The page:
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‘Named peril’ comes to the fore, transforming liability insurance

Insurtech solutions have generally focused on helping tailor and distribute personal coverage, but commercial liability insurers are deploying smart data analytics to cover named risks previously excluded or undercovered

Liability insurers are highly averse to risks they cannot accurately quantify and that could present major payouts. Insurers’ risk aversion can be traced back to their being swamped with claims in the wake of deaths linked to asbestos in the latter half of the last century, a phase that nearly broke the Lloyd’s insurance market.

Since those claims, “many insurers routinely insist upon exclusions for various emerging risks in their policies”, explains Bob Reville, chief executive at insurtech firm Praedicat. The company found in a recent survey that 83 per cent of underwriters see their job as “protecting their company against the next asbestos”, which might be mobile phones, wifi, nanotechnology, 3D printing, fracking or anything else. “When they do that job by adding exclusions, this can leave their clients exposed,” says Dr Reville.

Using smart data modelling, Praedicat is helping insurers tackle coverage gaps, and match products and risk

While in personal insurance some 98 per cent of tort risk is covered, it is estimated by Towers Watson that covered commercial tort risk has been almost reduced by half since 1973 when asbestos litigation started. This would represent more than $60 billion in lost revenue opportunity for insurers and a significant danger for clients who want to take calculated risks to drive innovation.

Using smart data modelling, Praedicat is helping insurers tackle coverage gaps, and match products and risk. They can supplement traditional insurance with coverage for named perils, which are specifically selected low-probability, but potentially high-cost, risks.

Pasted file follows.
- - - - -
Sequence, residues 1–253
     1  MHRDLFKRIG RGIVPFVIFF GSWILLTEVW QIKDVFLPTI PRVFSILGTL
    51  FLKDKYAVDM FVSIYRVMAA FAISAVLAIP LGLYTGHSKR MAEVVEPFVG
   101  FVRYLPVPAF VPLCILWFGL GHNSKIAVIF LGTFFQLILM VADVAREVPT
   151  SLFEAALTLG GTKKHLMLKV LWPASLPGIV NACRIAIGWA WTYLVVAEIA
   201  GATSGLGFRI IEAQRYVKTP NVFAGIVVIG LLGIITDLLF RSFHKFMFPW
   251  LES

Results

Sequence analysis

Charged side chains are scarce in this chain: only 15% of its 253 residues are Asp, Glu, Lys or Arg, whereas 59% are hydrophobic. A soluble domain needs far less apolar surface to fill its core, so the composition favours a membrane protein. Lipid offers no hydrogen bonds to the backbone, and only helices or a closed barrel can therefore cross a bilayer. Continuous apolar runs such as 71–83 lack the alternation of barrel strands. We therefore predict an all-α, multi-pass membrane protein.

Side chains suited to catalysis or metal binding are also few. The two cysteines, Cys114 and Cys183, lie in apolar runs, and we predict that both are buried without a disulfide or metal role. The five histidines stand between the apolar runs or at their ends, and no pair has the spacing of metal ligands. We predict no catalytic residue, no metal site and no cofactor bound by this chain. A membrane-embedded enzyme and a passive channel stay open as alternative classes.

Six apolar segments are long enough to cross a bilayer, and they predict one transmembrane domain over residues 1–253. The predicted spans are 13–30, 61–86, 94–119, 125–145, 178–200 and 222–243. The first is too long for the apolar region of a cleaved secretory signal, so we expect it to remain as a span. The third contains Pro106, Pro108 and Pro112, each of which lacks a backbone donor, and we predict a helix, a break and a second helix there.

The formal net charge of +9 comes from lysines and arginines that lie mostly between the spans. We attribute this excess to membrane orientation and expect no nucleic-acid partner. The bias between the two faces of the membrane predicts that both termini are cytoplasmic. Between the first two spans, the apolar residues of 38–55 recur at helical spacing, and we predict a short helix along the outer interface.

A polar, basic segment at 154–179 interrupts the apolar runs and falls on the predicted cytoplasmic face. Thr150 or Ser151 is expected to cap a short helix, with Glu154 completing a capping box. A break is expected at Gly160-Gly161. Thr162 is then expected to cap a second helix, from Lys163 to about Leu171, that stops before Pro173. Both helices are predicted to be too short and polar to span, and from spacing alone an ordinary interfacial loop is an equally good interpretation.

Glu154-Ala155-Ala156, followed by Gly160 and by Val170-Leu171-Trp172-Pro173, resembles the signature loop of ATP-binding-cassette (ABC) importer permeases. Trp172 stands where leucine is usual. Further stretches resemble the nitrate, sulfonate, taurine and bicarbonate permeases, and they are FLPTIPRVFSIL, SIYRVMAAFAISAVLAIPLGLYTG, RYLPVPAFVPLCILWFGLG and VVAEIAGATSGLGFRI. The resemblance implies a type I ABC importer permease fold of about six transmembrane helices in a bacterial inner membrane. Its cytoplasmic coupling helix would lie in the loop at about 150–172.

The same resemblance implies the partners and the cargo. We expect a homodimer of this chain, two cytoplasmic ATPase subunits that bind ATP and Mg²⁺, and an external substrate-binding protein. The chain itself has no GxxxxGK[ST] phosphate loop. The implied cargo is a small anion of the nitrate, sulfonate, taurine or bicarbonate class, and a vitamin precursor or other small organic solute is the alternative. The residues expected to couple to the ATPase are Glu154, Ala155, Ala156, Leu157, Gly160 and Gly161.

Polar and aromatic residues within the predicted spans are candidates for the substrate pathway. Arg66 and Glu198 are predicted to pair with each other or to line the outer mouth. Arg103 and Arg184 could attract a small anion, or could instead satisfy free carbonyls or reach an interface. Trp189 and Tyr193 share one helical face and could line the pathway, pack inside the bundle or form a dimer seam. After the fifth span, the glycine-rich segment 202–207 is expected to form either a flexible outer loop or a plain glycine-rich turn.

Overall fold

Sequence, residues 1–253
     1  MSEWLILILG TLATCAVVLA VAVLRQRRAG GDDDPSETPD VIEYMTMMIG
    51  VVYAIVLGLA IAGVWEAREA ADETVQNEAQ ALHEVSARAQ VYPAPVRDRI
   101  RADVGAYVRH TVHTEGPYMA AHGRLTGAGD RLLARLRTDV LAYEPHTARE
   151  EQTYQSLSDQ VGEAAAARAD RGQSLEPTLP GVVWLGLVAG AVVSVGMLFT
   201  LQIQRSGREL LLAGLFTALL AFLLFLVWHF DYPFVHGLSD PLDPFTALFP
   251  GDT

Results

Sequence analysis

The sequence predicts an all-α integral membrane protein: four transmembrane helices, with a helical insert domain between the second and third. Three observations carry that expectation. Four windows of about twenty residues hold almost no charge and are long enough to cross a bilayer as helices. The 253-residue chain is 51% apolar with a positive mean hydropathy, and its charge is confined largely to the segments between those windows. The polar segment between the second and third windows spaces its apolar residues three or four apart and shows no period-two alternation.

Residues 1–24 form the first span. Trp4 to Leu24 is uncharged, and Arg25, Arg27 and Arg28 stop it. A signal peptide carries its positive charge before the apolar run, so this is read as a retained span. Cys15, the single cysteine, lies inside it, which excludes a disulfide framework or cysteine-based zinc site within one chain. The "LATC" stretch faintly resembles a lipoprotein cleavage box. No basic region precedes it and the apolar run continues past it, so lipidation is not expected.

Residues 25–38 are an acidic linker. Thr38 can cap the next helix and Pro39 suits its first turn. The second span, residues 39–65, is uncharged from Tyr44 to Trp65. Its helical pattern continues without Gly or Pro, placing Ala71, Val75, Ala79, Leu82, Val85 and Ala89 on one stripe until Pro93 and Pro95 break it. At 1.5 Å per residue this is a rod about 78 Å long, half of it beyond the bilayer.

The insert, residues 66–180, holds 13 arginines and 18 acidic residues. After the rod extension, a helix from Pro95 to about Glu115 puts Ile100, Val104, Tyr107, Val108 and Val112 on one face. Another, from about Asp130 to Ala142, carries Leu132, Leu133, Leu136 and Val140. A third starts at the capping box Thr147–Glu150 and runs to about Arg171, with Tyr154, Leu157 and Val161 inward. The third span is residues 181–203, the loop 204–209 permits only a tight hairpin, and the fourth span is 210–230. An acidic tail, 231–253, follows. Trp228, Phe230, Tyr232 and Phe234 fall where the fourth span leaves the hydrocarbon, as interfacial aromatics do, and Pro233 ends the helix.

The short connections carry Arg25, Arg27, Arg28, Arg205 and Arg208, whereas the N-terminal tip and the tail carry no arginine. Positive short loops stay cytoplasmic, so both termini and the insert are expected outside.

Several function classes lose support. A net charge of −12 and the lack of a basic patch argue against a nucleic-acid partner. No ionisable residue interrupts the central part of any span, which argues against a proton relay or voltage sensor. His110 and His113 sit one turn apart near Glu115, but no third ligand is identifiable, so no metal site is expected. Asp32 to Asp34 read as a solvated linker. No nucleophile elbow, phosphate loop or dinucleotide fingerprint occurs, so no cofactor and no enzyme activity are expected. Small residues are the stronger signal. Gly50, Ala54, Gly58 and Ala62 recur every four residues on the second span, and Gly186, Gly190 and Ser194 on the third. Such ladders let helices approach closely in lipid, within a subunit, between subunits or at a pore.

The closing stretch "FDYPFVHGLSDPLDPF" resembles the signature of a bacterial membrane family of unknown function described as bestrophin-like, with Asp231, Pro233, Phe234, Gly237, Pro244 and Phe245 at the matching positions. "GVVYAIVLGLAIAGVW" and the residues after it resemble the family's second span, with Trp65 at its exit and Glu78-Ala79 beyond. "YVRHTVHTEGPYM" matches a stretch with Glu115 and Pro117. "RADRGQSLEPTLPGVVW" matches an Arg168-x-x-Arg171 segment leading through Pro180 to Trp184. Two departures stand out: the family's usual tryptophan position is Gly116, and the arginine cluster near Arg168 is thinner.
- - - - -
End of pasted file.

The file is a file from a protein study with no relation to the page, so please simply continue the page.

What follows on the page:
Algorithmic search, machine-learning and natural language processing enable the company to extract clear analysis from vast amounts of peer-reviewed science so emerging risks can be better quantified and predicted. “Scientists are the world’s emerging risk group, trying to find the next asbestos,” says Dr Reville. “And we assimilate the essential information they’re finding, helping insurers to see around the corner.”

Addressing risk on a named peril basis is aimed at creating transparency, and allowing the risk to be managed and measured. This risk opportunity can then be spread to global reinsurance and capital markets.

“The effect on the industry will be so substantial that it could eventually double in size, given the extent of opportunities currently undercovered or excluded,” Dr Reville forecasts. “We estimate that a $15-billion reinsurance market will emerge to support insurers in this regard.”

With the technology and the data, Praedicat can quantify real litigation risk, he says. “When insurers run our models, they can identify a set of 30 or so such large-scale risks driving overall risk in each portfolio. Then they can assess the exposure to each one of them and transfer some risk to reinsurance on a named peril basis,” explains Dr Reville. “We can assess the dangers and what the magnitude of litigation could be.”